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Volume 1.2.4 - September 21, 2016

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A Celebration of Gratitude for God's Loving Presence

By Anne D’Arcy, CSJ

Sisters, Associates, and members of Holy Name Parish, West Roxbury, gathered for a light lunch and prayer to celebrate 63 years of life at Holy Name Convent. The pictures and the article tell the story.

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On July 26, 1953, Archbishop Richard Cushing presided at the laying of the cornerstone for Holy Name School and Convent in West Roxbury. Since that day, 222 sisters have shared life together on these holy grounds. Many of those sisters are now part of the Communion of Saints and intercede for all of us. For 63 years, sisters and parishioners have prayed in the convent’s beautiful chapel renovated a few years ago.

As we move on from Holy Name Convent, where we have shared joys and sorrows, laughter and tears, our hearts are filled with gratitude to God for so many blessings of compassion, forgiveness, and loving support. We are grateful to all the priests and staff of Holy Name Parish past and present: from the legendary Monsignor Charles A. Finn who opened the convent and school, to Father George Carlson, Father Oscar Pratt, and Pastoral Associate, Mrs. Fran Hauck whose compassionate support has carried us through recent years.

The people of Holy Name Parish are the best! They have been our friends and partners in mission. Both Holy Name Convent and Holy Name Parish have been home to us. So after 63 years, the Sisters of Saint Joseph left Holy Name Convent on June 30, 2016, grateful for God’s loving presence and the many blessings of these years.

Human Beings Not Aliens

Based on Introduction and Conclusion by Pat Andrews, CSJ, 9/17/16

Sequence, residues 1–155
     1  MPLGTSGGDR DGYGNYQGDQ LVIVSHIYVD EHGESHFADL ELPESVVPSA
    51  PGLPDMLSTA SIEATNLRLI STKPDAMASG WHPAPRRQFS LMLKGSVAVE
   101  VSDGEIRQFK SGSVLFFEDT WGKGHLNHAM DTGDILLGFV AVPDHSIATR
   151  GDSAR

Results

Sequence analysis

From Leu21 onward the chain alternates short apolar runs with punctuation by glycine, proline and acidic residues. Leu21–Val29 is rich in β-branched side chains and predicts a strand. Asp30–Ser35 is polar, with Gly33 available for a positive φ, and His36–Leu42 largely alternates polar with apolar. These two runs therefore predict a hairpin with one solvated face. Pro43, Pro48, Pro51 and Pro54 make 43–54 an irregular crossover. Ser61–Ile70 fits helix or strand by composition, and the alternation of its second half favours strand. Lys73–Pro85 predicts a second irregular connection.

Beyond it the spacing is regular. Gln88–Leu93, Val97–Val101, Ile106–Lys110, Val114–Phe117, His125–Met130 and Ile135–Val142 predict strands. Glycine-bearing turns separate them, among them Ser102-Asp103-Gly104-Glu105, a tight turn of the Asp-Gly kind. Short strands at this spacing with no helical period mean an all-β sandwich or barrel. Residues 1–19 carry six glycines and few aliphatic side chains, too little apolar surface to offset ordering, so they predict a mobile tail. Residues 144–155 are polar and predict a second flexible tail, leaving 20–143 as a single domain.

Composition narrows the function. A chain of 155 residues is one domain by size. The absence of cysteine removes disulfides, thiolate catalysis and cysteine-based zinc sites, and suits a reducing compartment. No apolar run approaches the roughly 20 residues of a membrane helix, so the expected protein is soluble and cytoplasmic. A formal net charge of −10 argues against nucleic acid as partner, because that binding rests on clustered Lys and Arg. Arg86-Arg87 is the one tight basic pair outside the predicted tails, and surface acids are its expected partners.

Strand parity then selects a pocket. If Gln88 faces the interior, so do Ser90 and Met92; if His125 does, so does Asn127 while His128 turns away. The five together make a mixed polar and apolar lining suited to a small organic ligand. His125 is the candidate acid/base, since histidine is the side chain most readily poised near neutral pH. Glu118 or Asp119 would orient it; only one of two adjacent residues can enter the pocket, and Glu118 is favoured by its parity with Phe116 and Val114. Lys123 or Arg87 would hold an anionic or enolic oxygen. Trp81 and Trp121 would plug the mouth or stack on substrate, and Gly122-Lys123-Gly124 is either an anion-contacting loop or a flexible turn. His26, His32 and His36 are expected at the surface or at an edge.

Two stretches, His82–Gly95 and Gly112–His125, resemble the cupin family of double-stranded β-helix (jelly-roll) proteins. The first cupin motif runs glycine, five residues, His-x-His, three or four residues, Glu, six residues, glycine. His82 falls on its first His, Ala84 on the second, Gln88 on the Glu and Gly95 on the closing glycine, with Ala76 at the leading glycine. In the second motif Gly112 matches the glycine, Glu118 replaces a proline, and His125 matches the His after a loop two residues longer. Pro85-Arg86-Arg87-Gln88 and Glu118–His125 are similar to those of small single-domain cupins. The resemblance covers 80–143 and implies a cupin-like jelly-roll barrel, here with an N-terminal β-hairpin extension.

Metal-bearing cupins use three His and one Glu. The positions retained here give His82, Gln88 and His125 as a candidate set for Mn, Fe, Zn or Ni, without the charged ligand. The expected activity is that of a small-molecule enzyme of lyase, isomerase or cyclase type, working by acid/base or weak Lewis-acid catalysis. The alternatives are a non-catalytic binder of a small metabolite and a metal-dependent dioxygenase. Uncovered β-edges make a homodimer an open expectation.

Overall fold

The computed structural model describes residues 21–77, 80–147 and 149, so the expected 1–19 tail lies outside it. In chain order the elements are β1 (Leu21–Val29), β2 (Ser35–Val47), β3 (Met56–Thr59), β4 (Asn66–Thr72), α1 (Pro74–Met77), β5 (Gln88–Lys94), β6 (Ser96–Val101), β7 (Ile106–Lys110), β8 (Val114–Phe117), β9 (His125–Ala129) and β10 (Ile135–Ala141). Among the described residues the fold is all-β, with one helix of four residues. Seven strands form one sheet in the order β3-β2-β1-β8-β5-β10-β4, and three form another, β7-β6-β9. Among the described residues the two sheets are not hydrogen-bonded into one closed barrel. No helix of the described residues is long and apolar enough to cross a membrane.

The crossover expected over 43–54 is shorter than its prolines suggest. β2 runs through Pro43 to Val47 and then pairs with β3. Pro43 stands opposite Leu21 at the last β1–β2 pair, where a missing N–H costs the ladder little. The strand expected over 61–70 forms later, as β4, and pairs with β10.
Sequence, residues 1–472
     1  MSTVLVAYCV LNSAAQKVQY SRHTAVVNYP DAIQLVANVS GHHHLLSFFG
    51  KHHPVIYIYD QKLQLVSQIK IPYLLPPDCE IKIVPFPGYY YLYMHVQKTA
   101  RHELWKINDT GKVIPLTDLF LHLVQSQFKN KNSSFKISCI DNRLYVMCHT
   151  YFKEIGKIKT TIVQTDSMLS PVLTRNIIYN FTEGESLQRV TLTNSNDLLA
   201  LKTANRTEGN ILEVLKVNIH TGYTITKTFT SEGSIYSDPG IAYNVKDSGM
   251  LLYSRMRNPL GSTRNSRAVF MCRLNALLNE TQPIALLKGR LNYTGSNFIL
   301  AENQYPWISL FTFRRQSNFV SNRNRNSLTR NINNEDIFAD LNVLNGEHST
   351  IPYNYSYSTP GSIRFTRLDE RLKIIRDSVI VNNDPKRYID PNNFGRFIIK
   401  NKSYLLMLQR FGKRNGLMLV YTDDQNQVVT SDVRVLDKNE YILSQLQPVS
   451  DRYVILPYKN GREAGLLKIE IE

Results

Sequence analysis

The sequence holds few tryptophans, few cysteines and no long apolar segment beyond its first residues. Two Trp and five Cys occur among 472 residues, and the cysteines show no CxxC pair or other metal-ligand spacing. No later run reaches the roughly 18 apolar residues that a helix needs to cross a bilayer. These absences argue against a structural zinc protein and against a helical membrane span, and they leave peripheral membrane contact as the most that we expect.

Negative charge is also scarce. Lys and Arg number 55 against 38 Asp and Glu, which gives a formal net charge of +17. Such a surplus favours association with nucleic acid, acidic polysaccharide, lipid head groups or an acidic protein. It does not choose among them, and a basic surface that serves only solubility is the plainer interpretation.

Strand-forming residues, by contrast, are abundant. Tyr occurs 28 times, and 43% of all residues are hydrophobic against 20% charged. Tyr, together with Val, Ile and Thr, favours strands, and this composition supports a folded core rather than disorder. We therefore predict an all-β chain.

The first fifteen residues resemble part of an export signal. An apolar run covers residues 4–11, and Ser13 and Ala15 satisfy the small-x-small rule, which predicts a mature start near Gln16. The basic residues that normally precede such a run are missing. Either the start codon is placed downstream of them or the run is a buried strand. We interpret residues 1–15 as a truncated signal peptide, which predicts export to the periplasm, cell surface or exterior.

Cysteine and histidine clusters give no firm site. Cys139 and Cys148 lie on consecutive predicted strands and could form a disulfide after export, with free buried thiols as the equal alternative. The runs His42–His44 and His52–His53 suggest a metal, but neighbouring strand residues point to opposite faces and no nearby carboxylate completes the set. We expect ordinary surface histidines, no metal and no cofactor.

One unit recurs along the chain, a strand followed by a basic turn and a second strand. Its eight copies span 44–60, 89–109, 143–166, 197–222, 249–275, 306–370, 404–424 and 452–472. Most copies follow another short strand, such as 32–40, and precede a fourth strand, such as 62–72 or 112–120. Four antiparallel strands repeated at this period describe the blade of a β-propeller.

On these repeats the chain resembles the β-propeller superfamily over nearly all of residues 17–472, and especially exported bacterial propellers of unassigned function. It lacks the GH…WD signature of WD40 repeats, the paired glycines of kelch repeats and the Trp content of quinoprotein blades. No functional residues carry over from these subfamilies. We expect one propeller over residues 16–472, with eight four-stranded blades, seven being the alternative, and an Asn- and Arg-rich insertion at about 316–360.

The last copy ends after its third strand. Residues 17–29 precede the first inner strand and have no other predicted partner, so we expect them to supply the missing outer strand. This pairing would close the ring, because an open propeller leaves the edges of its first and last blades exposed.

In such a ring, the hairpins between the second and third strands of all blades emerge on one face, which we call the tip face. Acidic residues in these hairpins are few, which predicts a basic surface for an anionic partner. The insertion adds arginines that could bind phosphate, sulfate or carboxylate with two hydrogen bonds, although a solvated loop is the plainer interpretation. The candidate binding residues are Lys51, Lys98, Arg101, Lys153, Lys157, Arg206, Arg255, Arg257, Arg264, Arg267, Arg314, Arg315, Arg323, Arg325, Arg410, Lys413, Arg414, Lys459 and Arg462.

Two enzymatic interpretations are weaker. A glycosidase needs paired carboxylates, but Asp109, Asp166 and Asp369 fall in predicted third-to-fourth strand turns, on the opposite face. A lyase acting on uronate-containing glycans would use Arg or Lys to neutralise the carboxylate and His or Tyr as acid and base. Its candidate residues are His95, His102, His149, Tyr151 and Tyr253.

The Sisters of St. Joseph of Boston have been involved with our immigrant neighbors for 143 years, since we were invited to Boston in 1873 to teach the immigrant population arriving in Boston at that time. In 2012, we challenged ourselves to respond in new ways to the needs of people who are poor and marginalized, especially immigrants, and to broaden our internal and external collaborations.

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We have done this by joining with other groups for public witness, speaking to groups, and being present at planned demonstrations advocating on behalf of immigrants. In November 2015, we became involved with Catholic Charities’ “Welcome Basket Program” to help refugees with basic necessities as they resettle in their new environment. Through this project, we came to know Marjean Perhot, director of refugee and immigration services with Catholic Charities of Boston.

On September 17, Marjean joined with over 75 sisters, associates, and friends, to explain the Refugee Resettlement Program, one of the many programs of Catholic Charities. She described how newcomers are provided with a modest apartment furnished with basic necessities and assisted with acculturation, job placement services and English language training. Along with this critical assistance, refugees receive compassion, understanding, and positive reassurance from the staff to help in the attainment of independence and self-sufficiency.

“These are human beings not aliens,” Marjean remarked. The facts she shared and the needs that exist are overwhelming but Marjean encouraged us to consider concrete ways we can help. We can welcome refugees at the airport, help them furnish their new home, obtain a library card, practice English conversation skills, accompany them to appointments, and much more. When Marjean explained the challenge of finding suitable housing, Rosemary Brennan, CSJ, suggested that we consider ways we can network with others to help in this area. Her suggestion met with applause.

Our meeting to examine what action we can take to follow the Gospel mandate of “welcoming the stranger among us” [Mt. 25] coincides with the United Nations Summit for refugees and migrants to be held on September 19 and followed by President Obama’s Leaders’ Summit on September 20. It was fitting that we have our own “summit” on the 17th to look at how we, as a faith community, can put our words into collaborative action and collaborative voice to welcome refugees.

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